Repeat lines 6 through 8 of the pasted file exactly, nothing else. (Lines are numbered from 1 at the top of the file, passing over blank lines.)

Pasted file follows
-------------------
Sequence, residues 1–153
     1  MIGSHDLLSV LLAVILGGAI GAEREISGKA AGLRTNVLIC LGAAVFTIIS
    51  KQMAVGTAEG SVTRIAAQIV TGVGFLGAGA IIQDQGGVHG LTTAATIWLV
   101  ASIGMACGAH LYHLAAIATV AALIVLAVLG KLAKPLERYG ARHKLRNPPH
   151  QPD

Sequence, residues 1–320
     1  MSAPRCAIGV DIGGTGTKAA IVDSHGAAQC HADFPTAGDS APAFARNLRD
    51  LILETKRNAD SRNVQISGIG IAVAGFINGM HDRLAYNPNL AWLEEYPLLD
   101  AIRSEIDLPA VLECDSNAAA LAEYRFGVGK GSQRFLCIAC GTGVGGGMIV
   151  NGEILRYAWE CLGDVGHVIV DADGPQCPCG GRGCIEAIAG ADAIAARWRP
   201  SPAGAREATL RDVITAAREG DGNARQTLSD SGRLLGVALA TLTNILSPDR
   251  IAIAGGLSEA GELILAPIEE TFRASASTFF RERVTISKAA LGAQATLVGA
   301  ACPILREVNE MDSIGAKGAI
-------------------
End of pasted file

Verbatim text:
Sequence, residues 1–320
     1  MSAPRCAIGV DIGGTGTKAA IVDSHGAAQC HADFPTAGDS APAFARNLRD
    51  LILETKRNAD SRNVQISGIG IAVAGFINGM HDRLAYNPNL AWLEEYPLLD